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ICC factor sank Kenya’s dream in Addis Ababa

By Ken Opalo | February 4th 2017
International Criminal Court (ICC). (Photo: Courtesy)

This week, we learned that Cabinet Secretary Amina Mohamed will, after all, not be the next chairperson of the African Union Commission. The news was greeted with mixed reactions from Kenyans. Some celebrated the loss, viewing it as deserved retribution for a government willing to move mountains to campaign for the CS while neglecting ordinary Kenyans.

The fact that President Uhuru Kenyatta flew to Addis Ababa without addressing the matter of Kenya Defence Forces troops killed in Somalia played right into this narrative. Yet others lamented at the loss, pointing fingers at our alleged friends in foreign capitals who may have abandoned us; and castigating those who reacted otherwise for lacking patriotism.

Neither of these conflicting views reflected the character and professionalism of Amina. I am on record noting that she is easily one of the more competent members of President Kenyatta’s Cabinet.

Despite being assigned the unenviable task of defending President Kenyatta and his deputy William Ruto at the International Criminal Court, she performed this task with grace. And delivered. She has also presided over a foreign ministry that ensured that the ICC case did not result in the complete isolation of Kenya. This is not a mean achievement.

There is a parallel universe in which Kenya became Sudan, or something close to that. Amina and her team ensured we remained squarely within the community of relevant nations.

One could argue that this was inevitable, given our leverage vis-à-vis both Washington and Brussels; as well as our increasing importance to China. But while that is true, it still required a competent CS to skillful play our cards; and do reasonably well.

It is therefore cruel irony that Amina’s studious anti-ICC diplomacy may have been the deciding factor that sank her candidacy. Certainly, other factors were involved – including the need for a francophone chairperson (following the retirement of South African Nkosazana Dlamini-Zuma), and general regional balance.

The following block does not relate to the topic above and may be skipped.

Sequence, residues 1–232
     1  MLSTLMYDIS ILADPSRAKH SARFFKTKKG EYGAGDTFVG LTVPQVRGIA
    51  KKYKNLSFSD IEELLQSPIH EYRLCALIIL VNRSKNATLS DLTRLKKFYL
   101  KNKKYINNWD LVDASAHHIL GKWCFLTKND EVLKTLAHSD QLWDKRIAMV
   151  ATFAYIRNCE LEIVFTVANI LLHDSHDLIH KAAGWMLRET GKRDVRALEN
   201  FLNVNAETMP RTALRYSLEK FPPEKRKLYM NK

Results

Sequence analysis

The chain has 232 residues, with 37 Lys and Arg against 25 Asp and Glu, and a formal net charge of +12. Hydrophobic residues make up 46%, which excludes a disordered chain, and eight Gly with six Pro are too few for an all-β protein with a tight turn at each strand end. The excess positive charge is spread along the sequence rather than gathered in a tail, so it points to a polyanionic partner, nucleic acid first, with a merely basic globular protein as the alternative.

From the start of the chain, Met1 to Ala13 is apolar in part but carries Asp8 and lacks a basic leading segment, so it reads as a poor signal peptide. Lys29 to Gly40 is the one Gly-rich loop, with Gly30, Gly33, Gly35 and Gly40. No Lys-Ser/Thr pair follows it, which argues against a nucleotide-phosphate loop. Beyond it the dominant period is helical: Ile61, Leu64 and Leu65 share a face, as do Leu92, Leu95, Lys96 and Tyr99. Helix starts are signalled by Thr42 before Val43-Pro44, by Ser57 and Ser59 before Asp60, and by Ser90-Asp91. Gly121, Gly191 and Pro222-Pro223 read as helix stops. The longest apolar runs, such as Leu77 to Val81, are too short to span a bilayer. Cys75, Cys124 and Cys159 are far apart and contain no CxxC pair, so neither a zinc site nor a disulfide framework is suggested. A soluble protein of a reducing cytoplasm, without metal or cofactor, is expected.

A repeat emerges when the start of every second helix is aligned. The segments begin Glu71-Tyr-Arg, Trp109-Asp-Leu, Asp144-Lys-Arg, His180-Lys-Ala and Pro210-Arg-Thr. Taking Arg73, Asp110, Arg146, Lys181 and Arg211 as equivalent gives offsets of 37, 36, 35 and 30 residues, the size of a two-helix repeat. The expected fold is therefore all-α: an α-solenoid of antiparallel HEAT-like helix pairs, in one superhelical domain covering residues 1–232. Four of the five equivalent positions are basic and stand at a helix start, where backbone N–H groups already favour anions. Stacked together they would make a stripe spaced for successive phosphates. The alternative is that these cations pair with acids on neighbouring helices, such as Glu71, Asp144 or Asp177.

But it is also true that the European Union, and in particular France, was keen to ensure that Addis Ababa tones down the hostility towards the ICC. This position attracted the sympathy of some of our friends that did not want to throw the baby with the bathwater. Many of these countries are also terribly dependent on aid, and were always going to equivocate on the matter of a mass withdrawal from the ICC.

Back to our domestic squabbles over the loss in Addis, it is important to remember this was a national loss. It was not a Jubilee loss. Amina’s candidacy was backed by the full weight of the Republic of Kenya.

The divisive response that defined her candidacy is a challenge for all of us. For those in government, it is a call for introspection to determine the right calibration of partisanship, especially when it comes to the handling of our foreign affairs. To those who celebrated the loss, it is a reminder that it is possible to disagree politically without completely rejecting the idea of Kenya.

Admittedly, some of the divisiveness can partially be explained by the fact that this is an election year. But even that reality should come as a warning of just how much work we need to do to keep the idea of Kenya alive. As a country, we keep operating under the false assumption that we can gut all symbols and myths that bind our collective destinies and still maintain a cohesive Kenya into the future.

It is high time we reminded ourselves that if Kenya is to endure, the project requires active investment from all of us. And while those in power have the most responsibility on account of their position, it is also incumbent upon us as regular citizens to know when to rally around the flag. Notice that this is not a call for blind patriotism. Rather it is a call for setting our “default” to patriotism.

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